Proper size matching is critical when performing osteochondral grafting, and plugs can vary in size, up to 40 mm according to some reports [30]. As outlined by Cole et al., there are several general principles that should be followed when performing osteochondral allografting [5]. The first is appropriate handling and use of fresh cartilage graft tissue. There is optimal cell viability when fresh grafts are used within 28 and, ideally, within 21 days of harvest as allografts have shown a predictable decline in cell viability, cell density, and metabolic activity with time [31, 32].

Humeral or glenoid size matching is performed using plain radiographs of the shoulder and size markers to correct for machine-dependent magnification. In addition, a thin shell allograft plug that preserves cartilage integrity significantly decreases the amount of subchondral bone used and the antigenicity of the graft [33]. Potential immunogenic responses can further be reduced during the procedure by using pulsatile lavage of the graft prior to implantation. Lastly, while press-fit allograft implantation can be achieved, fixation can be strengthened using bioabsorbable screws or pins.

Outcome studies of full-thickness cartilage defects of the knee treated by ACI show good to excellent results at long-term followup [34]. In regards to the glenohumeral joint, ACI remains controversial and unproven. There has been a published case report of a teenage athlete treated with ACI of the humeral head using a tibial periosteal graft and a two-stage technique with knee cell growth and shoulder implantation [35]. At one year followup, the patient had no pain and full range of motion without functional loss.

8. Reconstructive Treatment Options

As opposed to restorative treatment options for smaller, superficial chondral defects, reconstructive cartilage surgery may be required for large and deep unipolar or bipolar defects. Reconstructive surgery is considered a “salvage” treatment option, with goals of restoring durable function to the shoulder and decreasing pain, typically as a final attempt before considering total shoulder arthroplasty (TSA) or glenohumeral arthrodesis. While reconstructive surgery technically includes hemiarthroplasty or TSA, we will focus on the prearthroplasty management for young and middle aged patients with significant chondral defects. Prearthroplasty reconstructive surgery includes resurfacing techniques to the humeral head and glenoid, as well as biologic or nonbiologic interpositional arthroplasty techniques using a variety of tissues, such as meniscal allografts, anterior capsule, fascia lata, Achillestendon allograft, and other specialized matrices. Suggested potential benefits of biologic glenoid resurfacing include pain relief and improved range of motion similar to TSA, without the well-known complications of polyethylene wear, cement fragmentation, and glenoid loosening or dissociation.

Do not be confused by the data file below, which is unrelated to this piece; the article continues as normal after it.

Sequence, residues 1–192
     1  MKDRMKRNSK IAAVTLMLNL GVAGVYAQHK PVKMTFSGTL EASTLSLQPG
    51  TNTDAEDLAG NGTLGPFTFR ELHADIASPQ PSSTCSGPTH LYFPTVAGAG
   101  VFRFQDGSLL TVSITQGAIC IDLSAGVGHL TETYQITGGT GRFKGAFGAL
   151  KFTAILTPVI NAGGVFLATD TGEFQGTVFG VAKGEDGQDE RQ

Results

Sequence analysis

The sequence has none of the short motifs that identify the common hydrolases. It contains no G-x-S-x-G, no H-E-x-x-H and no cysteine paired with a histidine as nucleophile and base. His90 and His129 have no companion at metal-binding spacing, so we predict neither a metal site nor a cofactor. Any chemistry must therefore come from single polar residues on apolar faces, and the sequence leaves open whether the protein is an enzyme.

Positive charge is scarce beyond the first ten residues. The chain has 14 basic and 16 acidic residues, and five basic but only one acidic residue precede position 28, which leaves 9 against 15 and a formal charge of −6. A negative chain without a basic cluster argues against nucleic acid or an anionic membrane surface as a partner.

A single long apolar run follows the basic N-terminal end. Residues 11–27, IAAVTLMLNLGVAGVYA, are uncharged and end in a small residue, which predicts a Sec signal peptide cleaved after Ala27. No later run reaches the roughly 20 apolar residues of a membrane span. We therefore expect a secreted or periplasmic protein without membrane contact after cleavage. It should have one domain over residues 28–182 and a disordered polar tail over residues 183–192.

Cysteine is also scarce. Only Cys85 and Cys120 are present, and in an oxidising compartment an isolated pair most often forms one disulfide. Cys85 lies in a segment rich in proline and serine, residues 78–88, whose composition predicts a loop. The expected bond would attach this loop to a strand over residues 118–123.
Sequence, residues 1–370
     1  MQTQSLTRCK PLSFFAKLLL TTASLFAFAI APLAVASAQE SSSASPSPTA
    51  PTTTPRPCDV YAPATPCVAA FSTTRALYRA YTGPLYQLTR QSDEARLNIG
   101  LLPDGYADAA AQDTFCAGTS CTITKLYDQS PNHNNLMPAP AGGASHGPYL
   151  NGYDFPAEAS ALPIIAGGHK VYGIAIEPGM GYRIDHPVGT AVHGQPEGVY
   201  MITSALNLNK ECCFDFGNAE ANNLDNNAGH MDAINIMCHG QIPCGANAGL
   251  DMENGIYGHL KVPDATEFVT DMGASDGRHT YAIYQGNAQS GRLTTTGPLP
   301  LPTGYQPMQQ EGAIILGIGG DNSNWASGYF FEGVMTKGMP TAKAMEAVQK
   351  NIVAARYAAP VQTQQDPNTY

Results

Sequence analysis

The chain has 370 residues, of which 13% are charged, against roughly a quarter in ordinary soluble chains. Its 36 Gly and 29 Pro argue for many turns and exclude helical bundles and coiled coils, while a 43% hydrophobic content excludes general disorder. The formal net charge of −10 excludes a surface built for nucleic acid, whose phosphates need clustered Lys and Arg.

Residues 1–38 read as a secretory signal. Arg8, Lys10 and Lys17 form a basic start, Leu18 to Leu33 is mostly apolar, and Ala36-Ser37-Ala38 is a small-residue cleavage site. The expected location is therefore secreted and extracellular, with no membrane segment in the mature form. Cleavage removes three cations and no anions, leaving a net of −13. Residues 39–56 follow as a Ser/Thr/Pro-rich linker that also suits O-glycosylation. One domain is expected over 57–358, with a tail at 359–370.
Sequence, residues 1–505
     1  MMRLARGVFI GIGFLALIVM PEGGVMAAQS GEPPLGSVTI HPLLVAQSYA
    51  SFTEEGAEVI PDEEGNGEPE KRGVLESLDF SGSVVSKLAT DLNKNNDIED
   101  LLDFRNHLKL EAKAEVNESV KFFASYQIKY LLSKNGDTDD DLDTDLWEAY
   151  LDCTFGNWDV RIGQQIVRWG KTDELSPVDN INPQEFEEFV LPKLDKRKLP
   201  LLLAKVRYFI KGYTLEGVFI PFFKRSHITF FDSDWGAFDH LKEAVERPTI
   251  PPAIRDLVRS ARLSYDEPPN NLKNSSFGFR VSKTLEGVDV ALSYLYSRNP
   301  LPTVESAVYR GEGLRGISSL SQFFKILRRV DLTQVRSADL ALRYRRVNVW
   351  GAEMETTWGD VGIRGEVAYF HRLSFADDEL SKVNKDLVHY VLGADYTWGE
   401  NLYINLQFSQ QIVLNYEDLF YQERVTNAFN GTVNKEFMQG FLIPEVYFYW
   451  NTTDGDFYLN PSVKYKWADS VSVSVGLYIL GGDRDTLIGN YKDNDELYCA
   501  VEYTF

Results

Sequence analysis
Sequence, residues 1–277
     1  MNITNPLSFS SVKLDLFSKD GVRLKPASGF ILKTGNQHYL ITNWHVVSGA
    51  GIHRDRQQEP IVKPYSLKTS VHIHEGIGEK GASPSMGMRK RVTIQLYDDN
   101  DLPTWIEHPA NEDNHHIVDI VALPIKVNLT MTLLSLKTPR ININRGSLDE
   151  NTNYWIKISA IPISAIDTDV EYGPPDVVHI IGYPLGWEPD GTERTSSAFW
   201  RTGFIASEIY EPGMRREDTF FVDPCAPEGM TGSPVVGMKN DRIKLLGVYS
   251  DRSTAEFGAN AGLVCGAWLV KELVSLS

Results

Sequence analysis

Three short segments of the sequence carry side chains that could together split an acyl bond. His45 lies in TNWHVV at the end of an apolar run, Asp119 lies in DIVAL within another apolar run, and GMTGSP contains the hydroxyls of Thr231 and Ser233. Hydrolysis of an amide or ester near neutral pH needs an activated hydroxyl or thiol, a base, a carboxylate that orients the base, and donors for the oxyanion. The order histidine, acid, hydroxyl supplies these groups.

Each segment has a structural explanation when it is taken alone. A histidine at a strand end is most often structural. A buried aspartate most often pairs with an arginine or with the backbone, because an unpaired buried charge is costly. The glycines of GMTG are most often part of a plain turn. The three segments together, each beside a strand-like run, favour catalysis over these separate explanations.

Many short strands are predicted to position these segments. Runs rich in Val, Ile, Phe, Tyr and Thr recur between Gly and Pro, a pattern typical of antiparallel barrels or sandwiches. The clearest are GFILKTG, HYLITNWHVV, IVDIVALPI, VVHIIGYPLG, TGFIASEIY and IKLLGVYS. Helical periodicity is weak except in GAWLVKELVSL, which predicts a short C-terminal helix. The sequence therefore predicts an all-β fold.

8.1. Resurfacing Arthroplasty

For young and middle-aged active patients, there is a desire to avoid hemiarthroplasty or TSA due to high failure rates associated with progressive glenoid erosion or glenoid component loosening (~40%) [12]. Therefore, over the past couple years, attempts to compromise between bone-preserving procedures and arthroplasty have led to the development of new stemless implants, particularly in the humerus, which have become promising options if palliative procedures fail [19]. Similar to resurfacing procedures in the hip, however, the use of resurfacing arthroplasty/hemiarthroplasty in the shoulder is controversial. Stemless implants preserve anatomy and leave open various options for subsequent revision surgery in the future, but short- and long-term outcome studies are currently lacking. In addition, the use of a resurfacing device complicates the surgical approach to the glenoid limiting options for glenoid resurfacing or replacement and may result in high rates of persistent pain or progressive glenoid erosion similar to tradition hemiarthroplasty.